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Silicones 11. Advances in Materials

ChemCases lets you learn chemistry and enjoy doing it by applying the same chemical principles that the inventors used develop the products you use. And you can join with other learners to debate the fundamental issues that confront these scientists as they make responsible decisions about what they do.

Heat and Chemical Resistant Silicone Rubber

If we look at magnet wire today, we find even Formvar® is no longer in wide use. We see the words nylon, polyester, polyamide, polyurethane, polyimide, polyamide-imide, Nomex® describing the wire enamels allowing service up to 220 degrees Celsius.

Wire enamel is a mundane product perhaps. Not a lot of glamour, not much media coverage of wire enamel. But try some of these. Nylon, polyurethane, polyester, polyimide, Nomex®. What you will access is the world of specialized products and uses arising from the materials revolution. The invention of the silicones in 1940, of nylon in 1935 and of the other new synthetics of the last 60 years has transformed the way our society operates. And without these materials we would have no Nike, Burton, Salomon, and many of the products and devices that make our life more exciting in the new century.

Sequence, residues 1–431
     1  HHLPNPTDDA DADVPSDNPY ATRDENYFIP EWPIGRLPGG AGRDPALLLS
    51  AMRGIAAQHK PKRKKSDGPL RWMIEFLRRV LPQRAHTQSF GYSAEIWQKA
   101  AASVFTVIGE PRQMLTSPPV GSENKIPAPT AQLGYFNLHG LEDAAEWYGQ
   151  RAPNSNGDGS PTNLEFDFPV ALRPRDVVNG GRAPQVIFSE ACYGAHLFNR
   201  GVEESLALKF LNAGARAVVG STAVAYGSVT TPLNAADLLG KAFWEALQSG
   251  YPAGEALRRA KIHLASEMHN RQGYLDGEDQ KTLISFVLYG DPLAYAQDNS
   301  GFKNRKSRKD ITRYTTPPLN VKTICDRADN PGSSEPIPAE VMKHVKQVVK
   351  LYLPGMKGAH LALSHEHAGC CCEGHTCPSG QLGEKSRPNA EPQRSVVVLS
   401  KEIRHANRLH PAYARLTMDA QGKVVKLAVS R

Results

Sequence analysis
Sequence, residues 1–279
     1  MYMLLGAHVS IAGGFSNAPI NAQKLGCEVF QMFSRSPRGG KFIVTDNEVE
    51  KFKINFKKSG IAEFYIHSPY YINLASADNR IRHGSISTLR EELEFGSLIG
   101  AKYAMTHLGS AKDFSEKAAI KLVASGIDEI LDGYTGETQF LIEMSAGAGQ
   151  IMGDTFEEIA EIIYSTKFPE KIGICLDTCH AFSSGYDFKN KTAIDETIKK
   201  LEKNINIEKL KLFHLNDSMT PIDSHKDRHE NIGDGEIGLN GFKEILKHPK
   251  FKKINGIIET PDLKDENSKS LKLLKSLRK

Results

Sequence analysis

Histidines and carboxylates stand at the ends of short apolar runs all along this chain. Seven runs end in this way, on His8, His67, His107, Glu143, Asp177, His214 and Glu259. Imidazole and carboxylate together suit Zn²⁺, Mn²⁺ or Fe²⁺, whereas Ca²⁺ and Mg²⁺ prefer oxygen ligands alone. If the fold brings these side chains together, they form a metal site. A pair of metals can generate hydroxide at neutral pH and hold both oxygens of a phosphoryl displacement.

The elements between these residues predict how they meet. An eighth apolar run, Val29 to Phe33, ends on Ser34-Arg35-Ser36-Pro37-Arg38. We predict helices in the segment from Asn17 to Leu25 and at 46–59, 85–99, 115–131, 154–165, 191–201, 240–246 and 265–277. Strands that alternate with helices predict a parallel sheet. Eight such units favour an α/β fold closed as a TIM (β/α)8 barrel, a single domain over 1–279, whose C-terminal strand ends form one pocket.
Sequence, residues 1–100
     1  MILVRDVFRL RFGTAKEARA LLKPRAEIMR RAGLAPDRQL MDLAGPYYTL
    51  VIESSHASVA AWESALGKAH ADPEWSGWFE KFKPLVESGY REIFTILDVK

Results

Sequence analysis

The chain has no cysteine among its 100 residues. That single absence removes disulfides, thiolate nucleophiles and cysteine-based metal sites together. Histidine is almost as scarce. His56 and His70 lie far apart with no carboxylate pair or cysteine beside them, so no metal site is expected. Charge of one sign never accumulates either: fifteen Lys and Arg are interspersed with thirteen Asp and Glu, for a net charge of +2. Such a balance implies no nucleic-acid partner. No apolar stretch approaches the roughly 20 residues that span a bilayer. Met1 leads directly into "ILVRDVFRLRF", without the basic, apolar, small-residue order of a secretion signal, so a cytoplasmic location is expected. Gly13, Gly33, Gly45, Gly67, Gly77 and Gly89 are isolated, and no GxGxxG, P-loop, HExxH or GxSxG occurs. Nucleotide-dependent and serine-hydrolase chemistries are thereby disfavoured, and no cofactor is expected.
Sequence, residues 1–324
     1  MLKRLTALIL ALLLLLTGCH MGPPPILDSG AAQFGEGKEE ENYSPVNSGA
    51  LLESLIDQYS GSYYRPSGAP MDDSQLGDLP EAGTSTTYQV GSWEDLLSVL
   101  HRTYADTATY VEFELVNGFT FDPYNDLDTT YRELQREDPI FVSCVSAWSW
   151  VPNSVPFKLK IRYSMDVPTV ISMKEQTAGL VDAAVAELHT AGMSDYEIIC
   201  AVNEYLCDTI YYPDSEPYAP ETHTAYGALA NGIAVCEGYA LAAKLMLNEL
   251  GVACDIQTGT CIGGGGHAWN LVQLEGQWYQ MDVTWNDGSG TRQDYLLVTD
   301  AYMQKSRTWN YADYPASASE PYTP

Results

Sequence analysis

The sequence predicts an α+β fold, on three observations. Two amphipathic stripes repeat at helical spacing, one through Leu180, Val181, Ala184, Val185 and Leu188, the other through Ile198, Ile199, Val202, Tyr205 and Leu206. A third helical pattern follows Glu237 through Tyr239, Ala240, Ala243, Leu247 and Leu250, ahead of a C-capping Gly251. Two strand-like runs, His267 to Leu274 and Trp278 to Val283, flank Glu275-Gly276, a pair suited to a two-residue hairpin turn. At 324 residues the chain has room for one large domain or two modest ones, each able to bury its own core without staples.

• Consider the nylon parachute fabric developed during World War II. In this balloon, supported by the buoyancy of the warm air in the lightweight nylon canopy, I can float noiselessly over a Colorado valley
  • The climber wears specially designed shoes with synthetic soles. He depends, should he choose, on a braided nylon rope.
  • Inside and on its exterior, modern aircraft depend upon lightweight, strong materials for interior furnishings and for external structural members.

And we might evaluate how to choose materials to fill the product needs we define as we move forward beyond the year 2000.

Wallace Carothers, Inventor of Nylon

The invention of the first practical synthetic fiber, nylon, is a tale that exemplifies how scientists work. In the early 1930's at the DuPont Company a young, brooding chemist by the name of Wallace Carothers believed he could prove that natural materials: silk, rubber, wood, were composed of long chains of molecules.

He believed he could do so by actually making long chains by an unambguous and undisputed methods. If the products he made had the properties of the natural materials, then he could be certain the structures he proposed were correct. Carothers produced a synthetic rubber, now called neoprene and a synthetic fiber, nylon. Carothers' human story ends bleakly. The quiet, sensitive man, wracked with consuming depression, drinking heavily, could not focus on the value of his science or his life. Two days after his 41st birthday he ended that life by swallowing cyanide.

Since I was a young man, working in the laboratory where Carothers made his inventions, his story intrigued me. I did the research to learn all that I could about this tragic man and published his biography, Enough for One Lifetime, in 1996. You can read a bit more about Carothersin Chemistry and Industry.